(In response to Abraham Verghese's TED talk)
Verghese's talk centers on the process of the physical exam, but I think the central themes are that of ritual and connection. In the healing relationship that physicians (should?) attempt to develop with our patients, the ritual and roles of healer and patient--those who are present to aid and to care and those that are seeking assistance and caring--enhance the physician's presence to beyond a source of a prescription or a recommendation for a treatment. Instead, the ritual helps establish a connection between the two parties, and the connection enhances the benefit of any recommended treatment be it medication prescriptions, physical therapy, or counseling. If a great deal of illness is suffering, then it is the trust between patients and physicians that helps the dyad seek to overcome that suffering.
I have long held tight to the concept of the "therapeutic use of self", that as healers we can use our presence to be an important part of helping patients heal in some form. Verghese's closing--that physicians will not abandon our patients, that we will see them through whatever trial--beautifully summarizes this idea.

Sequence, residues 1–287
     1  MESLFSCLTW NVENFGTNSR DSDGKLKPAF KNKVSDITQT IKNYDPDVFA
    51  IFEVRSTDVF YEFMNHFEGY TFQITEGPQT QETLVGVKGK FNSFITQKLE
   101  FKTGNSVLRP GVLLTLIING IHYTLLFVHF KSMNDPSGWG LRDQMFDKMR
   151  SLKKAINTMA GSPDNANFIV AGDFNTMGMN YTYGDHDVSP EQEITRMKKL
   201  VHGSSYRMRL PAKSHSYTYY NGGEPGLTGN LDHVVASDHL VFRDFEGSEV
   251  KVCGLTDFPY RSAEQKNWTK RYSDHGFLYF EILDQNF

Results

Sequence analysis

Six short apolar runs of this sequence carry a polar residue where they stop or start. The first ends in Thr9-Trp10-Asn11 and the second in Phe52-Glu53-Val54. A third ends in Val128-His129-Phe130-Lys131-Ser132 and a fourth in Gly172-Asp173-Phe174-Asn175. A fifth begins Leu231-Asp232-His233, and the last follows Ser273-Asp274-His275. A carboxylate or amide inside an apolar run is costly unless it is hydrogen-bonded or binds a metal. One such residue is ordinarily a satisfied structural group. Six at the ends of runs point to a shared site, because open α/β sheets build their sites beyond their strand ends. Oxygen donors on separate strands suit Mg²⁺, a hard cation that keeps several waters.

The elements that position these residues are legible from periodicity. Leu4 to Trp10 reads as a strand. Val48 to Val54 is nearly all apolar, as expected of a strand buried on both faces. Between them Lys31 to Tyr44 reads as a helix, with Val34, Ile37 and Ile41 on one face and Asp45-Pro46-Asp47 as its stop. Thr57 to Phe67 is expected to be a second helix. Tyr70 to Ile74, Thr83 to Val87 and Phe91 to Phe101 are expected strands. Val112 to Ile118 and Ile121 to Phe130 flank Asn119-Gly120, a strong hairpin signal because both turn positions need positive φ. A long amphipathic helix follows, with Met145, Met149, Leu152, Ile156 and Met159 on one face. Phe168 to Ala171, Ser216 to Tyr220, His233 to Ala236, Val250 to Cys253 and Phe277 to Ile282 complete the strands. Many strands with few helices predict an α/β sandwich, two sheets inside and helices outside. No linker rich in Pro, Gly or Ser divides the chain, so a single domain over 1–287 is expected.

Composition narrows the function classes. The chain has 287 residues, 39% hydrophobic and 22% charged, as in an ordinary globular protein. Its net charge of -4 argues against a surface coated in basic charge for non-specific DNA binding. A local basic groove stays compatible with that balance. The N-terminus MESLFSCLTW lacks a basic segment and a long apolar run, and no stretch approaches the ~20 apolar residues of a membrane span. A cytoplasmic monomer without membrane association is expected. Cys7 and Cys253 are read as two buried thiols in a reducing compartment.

Unfortunately, we are in a situation in healthcare where it is very difficult to live up to Verghese's ideal. I certainly cannot give 1 hr for a patient to tell me their history, and then another 1 hr visit just for the physical. Our office gives us 20 minutes for each visit (whether a new or an established visit), and this is generous: many other offices give 10-15 minutes. I can try to approximate Verghese's approach by taking advantage of the continuity of care primary care offers: I can see patients back repeatedly, and even if I cannot gather all this information at once or develop the desired connection as quickly, I can still work to gain my patient's trust and to preserve the healing relationship heading forward.
In a healthcare system that rewards productivity, physicians will be pushed to be productive. Often this means seeing more patients, ordering more tests, sending for more studies…and often times the therapeutic use of self is left aside in the hustle.
Relationships are critically important, and so are patients' expectations and experiences. In the case of research around the placebo effect it appears that how much benefit a patient receives from certain interventions depends on their experiences. If we as physicians are caring, kind, patient, and truly interested, might we enhance this benefit?
I believe the issue at hand is that we have a healthcare "system" that is not a system, and that does not really care about "health". If we cared about health, we would emphasize the importance of the doctor/patient interaction, we would give the time needed to allow this relationship to develop and be supported, and we would find a better way to value the work being done.